Discussion in 'World Coins' started by Palachensa, Aug 17, 2019.
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As you may have known, the difference in color between your brownish and yellowish 1938-A coins is because the 1- is struck in bronze while the 10- is struck in aluminum-bronze.
Everything I see there looks normal to me, including the 1938-A reichspfennig. It does not look dipped to me but rather looks Uncirculated. Maybe it was dipped and maybe it wasn't. But it looks OK to me.
Any idea why they look so perfect? Especially the 1938-A 1
View attachment 982058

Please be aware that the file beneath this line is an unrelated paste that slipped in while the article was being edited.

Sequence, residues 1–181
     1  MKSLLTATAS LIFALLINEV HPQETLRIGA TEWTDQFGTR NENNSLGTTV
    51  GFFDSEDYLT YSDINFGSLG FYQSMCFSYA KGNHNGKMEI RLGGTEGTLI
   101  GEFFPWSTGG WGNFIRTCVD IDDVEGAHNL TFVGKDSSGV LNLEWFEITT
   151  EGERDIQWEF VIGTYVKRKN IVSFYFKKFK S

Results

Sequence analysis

In the first years of the Third Reich, the Ministry of Finance and other departments of the Reich and the NSDAP received an avalanche of accusations that the artist who had been responsible for the coins of 5 and 10 pfennigs, had included numerous Jewish and Masonic symbols in his design. The four oak leaves on the value side, for example, were considered counterclockwise, and were perceived as a Jewish symbol, since the Hebrew script goes from right to left, contrary to German spelling. The rhombuses created by the crossed stems on the other side, represented in the opinion of the public, a Masonic symbol. The Reich Ministry of Finance responded that Professor Raemisch had only had one day to design the new coins in 1923, since these coins should be issued immediately after the stabilization of the Mark. And therefore, no artist could have included so many symbols in the design in such a short time, so the complaints were dismissed and the coins were minted without change until 1936.
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